LCBO puts cork in wine club orders after privacy ruling
Posted: Mar 5, 2013 7:24 AM ET
Last Updated: Mar 6, 2013 7:53 AM ET
The Liquor Control Board of Ontario said Tuesday it is temporarily suspending new wine club orders after the province's privacy commissioner ordered it to stop gathering personal information from wine club members.
Ann Cavoukian issued a ruling Friday ordering the LCBO to stop gathering the information and destroy any data collected from clubs so far, following a complaint lodged last year by the Toronto-based Vin de Garde wine club.
The club, which has thousands of members including hundreds in the Ottawa area, suspended operations last year over what it called a breach of its members privacy.
The club complained after the LCBO began demanding that it supply individual members' names, addresses and phone numbers along with each order.
Previously the club submitted bulk orders on behalf of numerous clients. The club's president, Warren Porter, says the LCBO refused to fill orders unless the club complied.
LCBO has until May 28 to prove compliance
"Our members' information wound up being displayed both to the LCBO as well as to wine agents, to delivery companies, all the way down the line, so it became a very significant breach, we thought," said Porter.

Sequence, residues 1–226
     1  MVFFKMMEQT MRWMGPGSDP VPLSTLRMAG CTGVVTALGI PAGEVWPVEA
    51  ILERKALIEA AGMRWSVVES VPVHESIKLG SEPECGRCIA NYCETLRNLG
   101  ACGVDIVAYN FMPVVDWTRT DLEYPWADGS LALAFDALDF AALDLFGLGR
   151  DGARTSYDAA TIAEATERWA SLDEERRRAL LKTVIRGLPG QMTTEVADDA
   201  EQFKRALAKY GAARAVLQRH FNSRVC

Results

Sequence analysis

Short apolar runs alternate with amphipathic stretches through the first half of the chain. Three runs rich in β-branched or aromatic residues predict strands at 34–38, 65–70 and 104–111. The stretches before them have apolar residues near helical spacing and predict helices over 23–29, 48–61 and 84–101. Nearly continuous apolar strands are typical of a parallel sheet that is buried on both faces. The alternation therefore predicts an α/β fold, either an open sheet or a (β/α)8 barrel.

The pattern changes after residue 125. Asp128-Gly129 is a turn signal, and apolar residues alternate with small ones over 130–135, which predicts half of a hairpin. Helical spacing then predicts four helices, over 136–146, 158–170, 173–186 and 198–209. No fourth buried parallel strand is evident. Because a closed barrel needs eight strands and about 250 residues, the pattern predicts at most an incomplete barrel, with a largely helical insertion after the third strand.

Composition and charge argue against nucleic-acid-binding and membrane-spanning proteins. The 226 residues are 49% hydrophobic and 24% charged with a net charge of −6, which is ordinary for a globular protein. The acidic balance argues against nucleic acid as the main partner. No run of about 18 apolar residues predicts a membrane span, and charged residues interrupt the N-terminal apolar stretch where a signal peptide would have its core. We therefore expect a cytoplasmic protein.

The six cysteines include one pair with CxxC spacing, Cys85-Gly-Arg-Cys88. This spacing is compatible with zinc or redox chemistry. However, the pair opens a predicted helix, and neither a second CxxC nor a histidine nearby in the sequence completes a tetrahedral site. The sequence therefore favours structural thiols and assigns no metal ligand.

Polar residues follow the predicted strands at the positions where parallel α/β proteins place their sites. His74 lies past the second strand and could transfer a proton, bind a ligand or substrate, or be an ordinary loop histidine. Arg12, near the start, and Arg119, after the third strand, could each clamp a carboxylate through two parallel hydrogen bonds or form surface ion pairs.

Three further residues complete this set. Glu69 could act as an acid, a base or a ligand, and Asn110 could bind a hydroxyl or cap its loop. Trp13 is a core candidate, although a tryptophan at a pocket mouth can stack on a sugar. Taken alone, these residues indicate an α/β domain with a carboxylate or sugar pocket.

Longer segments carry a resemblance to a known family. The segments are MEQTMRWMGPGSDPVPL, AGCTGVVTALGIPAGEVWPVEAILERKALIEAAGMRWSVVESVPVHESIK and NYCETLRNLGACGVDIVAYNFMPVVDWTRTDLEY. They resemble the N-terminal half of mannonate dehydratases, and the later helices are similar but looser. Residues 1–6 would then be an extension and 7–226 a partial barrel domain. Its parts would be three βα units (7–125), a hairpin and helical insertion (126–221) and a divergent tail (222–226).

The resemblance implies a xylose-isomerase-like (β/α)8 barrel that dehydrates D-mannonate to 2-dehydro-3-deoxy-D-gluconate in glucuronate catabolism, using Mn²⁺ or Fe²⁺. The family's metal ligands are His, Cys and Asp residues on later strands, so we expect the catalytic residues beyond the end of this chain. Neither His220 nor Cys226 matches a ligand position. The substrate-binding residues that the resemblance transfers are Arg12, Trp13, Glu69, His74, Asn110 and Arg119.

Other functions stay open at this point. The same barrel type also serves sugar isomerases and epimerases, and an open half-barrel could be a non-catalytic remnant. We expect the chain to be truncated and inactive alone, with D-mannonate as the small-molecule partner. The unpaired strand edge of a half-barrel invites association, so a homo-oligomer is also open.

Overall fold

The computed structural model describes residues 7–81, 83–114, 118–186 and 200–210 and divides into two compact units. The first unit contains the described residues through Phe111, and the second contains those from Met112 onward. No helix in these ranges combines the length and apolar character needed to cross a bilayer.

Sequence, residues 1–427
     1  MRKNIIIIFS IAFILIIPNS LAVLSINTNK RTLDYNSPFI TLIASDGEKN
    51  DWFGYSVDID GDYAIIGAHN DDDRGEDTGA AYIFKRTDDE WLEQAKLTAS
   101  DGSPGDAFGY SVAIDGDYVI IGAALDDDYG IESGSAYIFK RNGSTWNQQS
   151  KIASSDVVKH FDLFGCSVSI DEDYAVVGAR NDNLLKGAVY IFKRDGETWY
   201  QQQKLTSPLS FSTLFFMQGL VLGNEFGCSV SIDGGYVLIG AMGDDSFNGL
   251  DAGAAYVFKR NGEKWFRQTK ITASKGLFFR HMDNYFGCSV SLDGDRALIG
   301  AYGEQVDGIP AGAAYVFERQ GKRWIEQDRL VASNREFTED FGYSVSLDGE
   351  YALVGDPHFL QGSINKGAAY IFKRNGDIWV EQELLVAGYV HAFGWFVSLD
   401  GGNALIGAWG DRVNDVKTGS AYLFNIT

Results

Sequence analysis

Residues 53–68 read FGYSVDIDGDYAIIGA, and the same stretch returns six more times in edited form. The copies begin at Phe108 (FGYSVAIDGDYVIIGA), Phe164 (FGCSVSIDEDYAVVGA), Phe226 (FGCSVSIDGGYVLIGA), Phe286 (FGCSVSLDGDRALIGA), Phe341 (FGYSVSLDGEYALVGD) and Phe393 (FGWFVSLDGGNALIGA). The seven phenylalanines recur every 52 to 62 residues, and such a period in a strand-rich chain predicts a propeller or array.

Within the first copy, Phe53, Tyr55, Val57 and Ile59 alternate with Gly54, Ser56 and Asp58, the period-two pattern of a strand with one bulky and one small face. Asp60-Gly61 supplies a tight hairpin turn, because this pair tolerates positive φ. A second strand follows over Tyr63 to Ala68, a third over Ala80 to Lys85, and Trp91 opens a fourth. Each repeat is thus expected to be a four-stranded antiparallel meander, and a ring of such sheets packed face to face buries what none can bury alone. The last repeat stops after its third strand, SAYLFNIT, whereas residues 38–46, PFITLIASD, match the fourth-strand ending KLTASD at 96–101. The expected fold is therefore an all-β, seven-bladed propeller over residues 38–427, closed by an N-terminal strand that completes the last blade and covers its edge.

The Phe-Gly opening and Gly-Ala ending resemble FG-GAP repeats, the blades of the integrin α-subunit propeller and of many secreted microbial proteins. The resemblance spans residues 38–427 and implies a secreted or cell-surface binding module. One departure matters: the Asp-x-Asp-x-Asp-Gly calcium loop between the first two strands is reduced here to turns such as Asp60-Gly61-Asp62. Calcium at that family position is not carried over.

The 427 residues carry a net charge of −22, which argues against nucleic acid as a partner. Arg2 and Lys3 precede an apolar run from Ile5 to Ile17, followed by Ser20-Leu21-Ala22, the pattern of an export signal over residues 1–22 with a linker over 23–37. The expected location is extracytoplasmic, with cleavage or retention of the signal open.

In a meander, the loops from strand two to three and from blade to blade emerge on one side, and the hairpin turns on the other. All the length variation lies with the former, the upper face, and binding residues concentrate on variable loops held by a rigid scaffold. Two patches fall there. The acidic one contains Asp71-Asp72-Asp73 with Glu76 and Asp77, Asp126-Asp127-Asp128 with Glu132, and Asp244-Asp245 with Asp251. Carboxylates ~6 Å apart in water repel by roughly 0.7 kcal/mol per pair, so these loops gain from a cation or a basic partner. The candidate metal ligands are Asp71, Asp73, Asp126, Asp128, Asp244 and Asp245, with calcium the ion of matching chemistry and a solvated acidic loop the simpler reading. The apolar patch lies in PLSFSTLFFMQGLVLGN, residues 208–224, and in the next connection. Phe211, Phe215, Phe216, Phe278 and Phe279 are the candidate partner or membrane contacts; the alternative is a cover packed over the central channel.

"We didn't think the LCBO had the right to our members' private information, and subsequently their consumption habits," he said.
The LCBO argued its policy had been in place for decades and a spokesperson said the LCBO asked for club members' personal information to prevent illegal re-sale, and to contact consumers in case of a recall.
But Cavoukian ruled the LCBO was only able to provide "anecdotal or hypothetical evidence" to support its position and that the collection of the personal information was not necessary.
The LCBO has until May 28 to prove it has followed through with the privacy commisioner's order.
LCBO spokeswoman Heather McGregor wrote in a statement the board did not collect data to monitor consumption and said it was necessary for a number of reasons: "to deter fraudulent sales, to establish clear legal authority for a transaction, and to ensure consumers can be contacted in the event of a product safety recall.
"We received the Commissioner's decision on Friday and are taking the necessary time to carefully review it and consider our next steps," wrote McGregor.
"During this time, we are temporarily suspending new wine club orders. Individuals will still be able to order products on their own behalf at any time through LCBO Private Ordering."
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